Friday, February 5, 2016

On Its Own Terms: Part III

(This is the final section of my talk for Music Advocacy in Brisbane, Australia)

I’m well aware that I’m preaching to the choir here, but hopefully giving you some tools to talk with your parents, your administrators, your school boards and in different language, to the kids. I’m encouraging you to come from a position of strength, to not accept the notion that we need to defend something so essential to our humanity, to stop begging for a place at the table of education and offer to wash the dishes if they’ll let you sit down. To make skillful aikido moves that turn the questions around and ask the people listening to talk about their own relationship to music and how it might have changed their life to have been expertly led to their own musicality—or how it may already have changed their life if they’ve been so fortunate as to have had an inspired and caring music teacher.

I also highly recommend taking time to ask the kids to write down or speak about why music is important to them and keep them on file. If you’re doing good work (see number 1 at the beginning of my talk), the kids—of all ages—will amaze you with what they understand about their own love for music and say it in their own inspired kid-talk that penetrates deeper than mere scientific or sociological facts and statistics.

I have many such testimonies tucked away, but none more remarkable, articulate, poetic and moving than one I received from an alum who came to the San Diego concert the kids gave. She is around 40 years old, left school at ten to move to Iowa, had never come back to visit the school and I hadn’t seen her for some thirty years. It was a great joy to briefly touch base after the concert and swap stories, but nothing could have prepared me for her eloquence, heart and soul in the letter she later sent. I’ll close with her extraordinary words.

Doug, I write to you from Mexico under a sky the color of faded bedsheets.  At some point the stars will come out shivering, and the waning moon in all of her steadiness, will rise. I will be sitting here, watching the fire I built in my chimney, listening to music: Herbie Mann, At the Village Gate, playing "Comin' Home Baby.' It's a piece I can listen to over and over again, and never quite in the same way, which I guess - just like with a good poem - is one of the most beautiful things about music. You know, for some time - maybe years - I have been wanting to write you. In part, to share moments where I've been so deeply moved by a piece of music...those moments like when I heard Beethoven's violin concertos for the first time in an old bookstore, and had to sit down because it was too much for me...or when I first heard Ben Webster and the visceral, almost choking moan of the sax...or how driving home one night and hearing a stream of Stefan Grappelli on the radio I realized he must have died - and so I stayed up into the early morning, drinking tea, listening to that violin across the airwaves playing tribute, and to Django with his distorted hand moving sound.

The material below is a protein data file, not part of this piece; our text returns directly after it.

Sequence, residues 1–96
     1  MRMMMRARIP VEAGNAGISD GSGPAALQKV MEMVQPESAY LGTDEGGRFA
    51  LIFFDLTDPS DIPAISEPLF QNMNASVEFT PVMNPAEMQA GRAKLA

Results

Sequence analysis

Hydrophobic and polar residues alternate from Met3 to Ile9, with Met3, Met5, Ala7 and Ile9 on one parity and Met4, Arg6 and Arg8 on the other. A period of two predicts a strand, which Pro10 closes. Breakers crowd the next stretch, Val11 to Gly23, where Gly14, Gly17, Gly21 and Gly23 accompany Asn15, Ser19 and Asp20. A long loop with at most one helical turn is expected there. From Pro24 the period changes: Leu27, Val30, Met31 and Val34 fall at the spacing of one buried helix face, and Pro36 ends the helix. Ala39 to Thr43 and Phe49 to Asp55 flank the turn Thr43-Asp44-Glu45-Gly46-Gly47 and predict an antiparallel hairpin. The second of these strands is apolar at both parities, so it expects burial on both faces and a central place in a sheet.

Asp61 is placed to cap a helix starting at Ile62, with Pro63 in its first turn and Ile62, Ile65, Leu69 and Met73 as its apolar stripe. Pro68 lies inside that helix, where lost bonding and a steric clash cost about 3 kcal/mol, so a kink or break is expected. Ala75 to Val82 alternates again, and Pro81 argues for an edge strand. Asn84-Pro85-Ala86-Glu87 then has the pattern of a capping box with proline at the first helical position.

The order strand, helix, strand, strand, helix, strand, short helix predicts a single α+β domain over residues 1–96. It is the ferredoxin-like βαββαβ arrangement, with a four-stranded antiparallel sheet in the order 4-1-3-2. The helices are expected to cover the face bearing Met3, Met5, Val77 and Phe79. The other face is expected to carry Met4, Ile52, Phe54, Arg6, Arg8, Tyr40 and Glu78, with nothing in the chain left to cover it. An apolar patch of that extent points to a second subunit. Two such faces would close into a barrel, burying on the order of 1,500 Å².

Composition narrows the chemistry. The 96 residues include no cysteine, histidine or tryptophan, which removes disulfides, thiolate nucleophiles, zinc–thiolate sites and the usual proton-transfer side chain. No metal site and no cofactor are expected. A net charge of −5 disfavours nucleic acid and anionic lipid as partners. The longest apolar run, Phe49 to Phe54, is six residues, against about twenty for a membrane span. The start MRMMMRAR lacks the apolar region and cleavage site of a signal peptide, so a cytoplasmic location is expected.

Doug, I want to thank you. I want to thank you for body music, for having to be barefoot, for the wooden floors of the music room, for samba, for the surprise I felt first listening to the bellow of the conga, for song...for songs that Jasmine and I, when I see her, still sing together. I want to thank you for that moment at the end of music class of "absolute control," where we lay on our backs, eyes closed, chests pulsing from the heat of dance, catching our breaths. I want to thank you for that anticipated moment of release to recess, figured in the touch of a toe. As this year ends, the most devastating year of my life, I play "Comin' Home Baby" for a few reasons. I play it for the slow build...not so dissimilar from another of my favorites, but my Charles Mingus - Better Git it in Your Soul. I play it for the throb of bass, for the playfulness of the flute.

I play this piece for my mom, who came to visit me in California this May to celebrate my birthday. She had moved to Mexico, which is where her family is from. I remember her asking me where I considered home...Mexico? San Francisco? Iowa? I've lived so many places, in different countries in between. I remember telling her that I didn't know....that I guess it was where she is. Home, not being fixed to place. During her visit, my mom died. And for a moment there, I had no notion anymore of home...

I write to you tonight, Doug, to share this. When I heard students from the SF school in San Diego playing songs like those that I once played, I felt a wonderful curiosity, joy, rhythm, and a deep connection transmitted through sound, and energy, and love. It was for me, an utterly poignant moment of reconnection to a past self, to a present and future self. It was a re/connection that transcended space, and place, and time in this exquisitely beautiful moment, where I felt like I was coming home.

Where I felt - if only for a moment - that I was home.

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